7. Turn down the volume

Just as the French are uncomfortable when you invade their physical space, they also don’t like it when your conversations invade their ears. Go to a cafe or a wine bar and you’ll hear only a gentle murmur over the clinks of glasses. It is hard to hear anyone’s conversation, even that of the people who are sitting next to you. The same goes on the street. To French people, your conversation is your business and they shouldn’t have to deal with it. After all, your personal drama is irrelevant to their lives.

Interior of Notre Dame Cathedral, Paris
French people are quiet as a mouse when they chat. A church mouse.

You might not think you are being very loud, but these things are relative. A person who is soft-spoken in one country might be the noisiest person around in another. Anywhere in public, keep your voice only loud enough to be heard by the person you are talking to. Be mindful to match the tone of voice of people around you and you will be perfectly fine.

8. Dress well

Fashion is the name of the game in Paris. As one of the leading cities in terms of new trends and people looking like they’re just off the runway, looks matter in the city. It’s not that you have to wear high-end brands and walk around the park in 4-inch heels (how do women do that, anyway?), it’s just that Parisians dislike sloppy.

To Parisians fashion is all about expressing yourself so it's fine if you have a chic look, a bohemian style, an executive wardrobe, or whatever you want. What matters is that you aren’t wearing gauche things like socks with sandals, Hawaiian shirts, tank tops, or the infamously shapeless cargo pants. (Personally, we prefer to wear business casual whenever we can. It's safe.)

People won’t treat you worse for not being fashionable, but know that they will silently judge you if you don’t at least try to look presentable. And please, no mismatched color schemes!

9. Make an effort to learn about their culture

The French are very proud of their culture and language and have still not gotten over not being the lingua franca anymore. There is no better way to get them to love you than by showing an appreciation and knowledge of their country, politics, history and culture. If you show that you recognize famous names and that you have some interest in the things that are important to them, they will think of you as tourist of the year.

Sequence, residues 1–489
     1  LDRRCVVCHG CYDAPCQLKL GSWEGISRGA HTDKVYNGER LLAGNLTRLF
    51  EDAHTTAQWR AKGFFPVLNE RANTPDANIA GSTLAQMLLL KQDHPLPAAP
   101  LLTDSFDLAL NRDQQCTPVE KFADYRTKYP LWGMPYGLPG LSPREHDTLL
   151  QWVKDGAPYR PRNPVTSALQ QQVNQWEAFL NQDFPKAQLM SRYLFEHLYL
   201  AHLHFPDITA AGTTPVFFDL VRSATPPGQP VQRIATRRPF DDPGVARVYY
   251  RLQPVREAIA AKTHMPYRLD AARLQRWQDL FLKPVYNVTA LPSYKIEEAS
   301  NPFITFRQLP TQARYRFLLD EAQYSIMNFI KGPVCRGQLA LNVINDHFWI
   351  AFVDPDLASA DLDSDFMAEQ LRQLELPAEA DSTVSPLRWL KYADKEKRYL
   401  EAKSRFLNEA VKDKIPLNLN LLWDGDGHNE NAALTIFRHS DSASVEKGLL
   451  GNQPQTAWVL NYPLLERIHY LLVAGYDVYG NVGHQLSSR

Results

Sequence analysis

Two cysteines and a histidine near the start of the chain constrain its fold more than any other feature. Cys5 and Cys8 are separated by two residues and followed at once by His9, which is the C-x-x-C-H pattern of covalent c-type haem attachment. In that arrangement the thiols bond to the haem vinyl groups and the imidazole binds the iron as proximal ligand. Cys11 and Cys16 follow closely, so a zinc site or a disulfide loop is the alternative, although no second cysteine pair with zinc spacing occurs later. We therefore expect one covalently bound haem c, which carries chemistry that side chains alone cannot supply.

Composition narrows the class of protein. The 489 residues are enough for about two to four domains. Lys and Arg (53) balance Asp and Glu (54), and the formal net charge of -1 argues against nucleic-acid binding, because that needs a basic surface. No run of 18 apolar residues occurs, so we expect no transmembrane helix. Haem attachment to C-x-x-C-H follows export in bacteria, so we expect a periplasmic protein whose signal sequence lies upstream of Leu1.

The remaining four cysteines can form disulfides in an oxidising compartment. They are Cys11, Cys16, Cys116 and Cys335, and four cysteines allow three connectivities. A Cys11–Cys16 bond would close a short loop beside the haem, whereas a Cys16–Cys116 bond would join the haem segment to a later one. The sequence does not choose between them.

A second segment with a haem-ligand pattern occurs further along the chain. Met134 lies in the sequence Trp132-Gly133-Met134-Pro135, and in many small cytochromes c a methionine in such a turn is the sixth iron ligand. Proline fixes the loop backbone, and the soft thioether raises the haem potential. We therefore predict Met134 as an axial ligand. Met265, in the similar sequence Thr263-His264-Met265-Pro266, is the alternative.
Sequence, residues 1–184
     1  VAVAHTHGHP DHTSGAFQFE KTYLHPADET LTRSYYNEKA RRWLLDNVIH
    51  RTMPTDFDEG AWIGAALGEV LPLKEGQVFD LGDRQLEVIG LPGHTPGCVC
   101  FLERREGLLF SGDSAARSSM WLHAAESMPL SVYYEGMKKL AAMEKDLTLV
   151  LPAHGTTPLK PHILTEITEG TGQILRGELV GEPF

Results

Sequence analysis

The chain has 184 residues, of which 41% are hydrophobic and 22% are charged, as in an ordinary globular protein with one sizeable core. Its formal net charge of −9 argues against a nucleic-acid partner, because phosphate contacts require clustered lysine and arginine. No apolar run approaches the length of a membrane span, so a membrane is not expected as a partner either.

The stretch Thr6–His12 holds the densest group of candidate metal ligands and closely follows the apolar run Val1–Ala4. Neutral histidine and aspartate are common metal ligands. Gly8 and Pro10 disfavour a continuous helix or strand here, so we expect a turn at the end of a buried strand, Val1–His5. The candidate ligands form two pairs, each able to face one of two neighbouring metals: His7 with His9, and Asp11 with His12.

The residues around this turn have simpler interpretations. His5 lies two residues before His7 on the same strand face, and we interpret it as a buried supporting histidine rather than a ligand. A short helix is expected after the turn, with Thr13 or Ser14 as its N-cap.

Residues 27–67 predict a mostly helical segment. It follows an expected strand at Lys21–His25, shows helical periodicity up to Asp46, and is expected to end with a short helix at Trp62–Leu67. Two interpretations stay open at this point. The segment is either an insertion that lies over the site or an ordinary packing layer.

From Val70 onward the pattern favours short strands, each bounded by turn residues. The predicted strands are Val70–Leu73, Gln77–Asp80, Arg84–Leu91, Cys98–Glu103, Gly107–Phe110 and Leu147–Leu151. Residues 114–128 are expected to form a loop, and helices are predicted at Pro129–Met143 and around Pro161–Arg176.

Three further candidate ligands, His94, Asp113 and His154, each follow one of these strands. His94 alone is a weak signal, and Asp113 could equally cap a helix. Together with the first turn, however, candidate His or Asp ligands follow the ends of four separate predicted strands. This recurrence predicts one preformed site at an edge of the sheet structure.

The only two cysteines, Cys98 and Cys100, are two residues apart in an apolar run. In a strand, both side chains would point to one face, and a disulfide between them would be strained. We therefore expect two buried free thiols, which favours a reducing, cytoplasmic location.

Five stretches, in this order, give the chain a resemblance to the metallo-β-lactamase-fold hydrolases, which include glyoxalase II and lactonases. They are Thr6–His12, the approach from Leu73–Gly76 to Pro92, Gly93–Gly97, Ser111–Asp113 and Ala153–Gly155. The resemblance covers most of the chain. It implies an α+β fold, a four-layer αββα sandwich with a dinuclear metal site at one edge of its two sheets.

Eternal flame at Arc de Triomphe, Paris

10. Throw stereotypes out the window

This advice applies not just to Paris but to virtually every single place in the world: Spouting stereotypes about the place you’re visiting not only makes locals angry, but it also makes you look incredibly stupid and ignorant. Making crass jokes or tactless comments about how all French people are smelly, the women are hairy, and the men are feminine is buying a first-class ticket to evil glares from everyone.

I hope I’ve shown that there really isn’t any reason to hate France and that you can make French people love you. If you are polite and treat them with the respect common in their culture, the grand majority of them will respond with the same kindness.

Don’t expect overt expressions of love and gratitude for your polite behavior, though. After all, this isn’t the French way. Just know that deep inside, their tricolor heart is weeping with joy at having found a cool, respectful and conscious foreigner.

 

Please share this story with your friends.

Written by Linda

Linda is multilingual and has been to over 50 countries. Her insatiable love of travel, cuisine, and foreign languages has inspired her to create As We Saw It with her husband Dan, a professional photographer. Her goal is to make travel easier for others and to offer a brief escape to another land.